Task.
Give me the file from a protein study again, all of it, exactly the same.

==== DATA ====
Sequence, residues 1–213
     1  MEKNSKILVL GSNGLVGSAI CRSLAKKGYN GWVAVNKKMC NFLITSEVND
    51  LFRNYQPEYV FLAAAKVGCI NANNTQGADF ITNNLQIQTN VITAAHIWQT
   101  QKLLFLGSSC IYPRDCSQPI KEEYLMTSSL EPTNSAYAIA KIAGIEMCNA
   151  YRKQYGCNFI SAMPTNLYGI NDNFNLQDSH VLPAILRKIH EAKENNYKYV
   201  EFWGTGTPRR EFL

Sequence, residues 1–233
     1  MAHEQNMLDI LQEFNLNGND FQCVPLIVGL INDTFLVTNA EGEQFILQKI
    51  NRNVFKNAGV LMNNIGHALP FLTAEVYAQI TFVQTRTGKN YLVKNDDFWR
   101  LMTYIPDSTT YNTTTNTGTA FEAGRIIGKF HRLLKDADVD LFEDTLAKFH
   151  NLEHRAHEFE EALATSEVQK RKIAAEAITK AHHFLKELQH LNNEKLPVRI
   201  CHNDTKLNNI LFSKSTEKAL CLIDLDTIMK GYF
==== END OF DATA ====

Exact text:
Sequence, residues 1–213
     1  MEKNSKILVL GSNGLVGSAI CRSLAKKGYN GWVAVNKKMC NFLITSEVND
    51  LFRNYQPEYV FLAAAKVGCI NANNTQGADF ITNNLQIQTN VITAAHIWQT
   101  QKLLFLGSSC IYPRDCSQPI KEEYLMTSSL EPTNSAYAIA KIAGIEMCNA
   151  YRKQYGCNFI SAMPTNLYGI NDNFNLQDSH VLPAILRKIH EAKENNYKYV
   201  EFWGTGTPRR EFL

Sequence, residues 1–233
     1  MAHEQNMLDI LQEFNLNGND FQCVPLIVGL INDTFLVTNA EGEQFILQKI
    51  NRNVFKNAGV LMNNIGHALP FLTAEVYAQI TFVQTRTGKN YLVKNDDFWR
   101  LMTYIPDSTT YNTTTNTGTA FEAGRIIGKF HRLLKDADVD LFEDTLAKFH
   151  NLEHRAHEFE EALATSEVQK RKIAAEAITK AHHFLKELQH LNNEKLPVRI
   201  CHNDTKLNNI LFSKSTEKAL CLIDLDTIMK GYF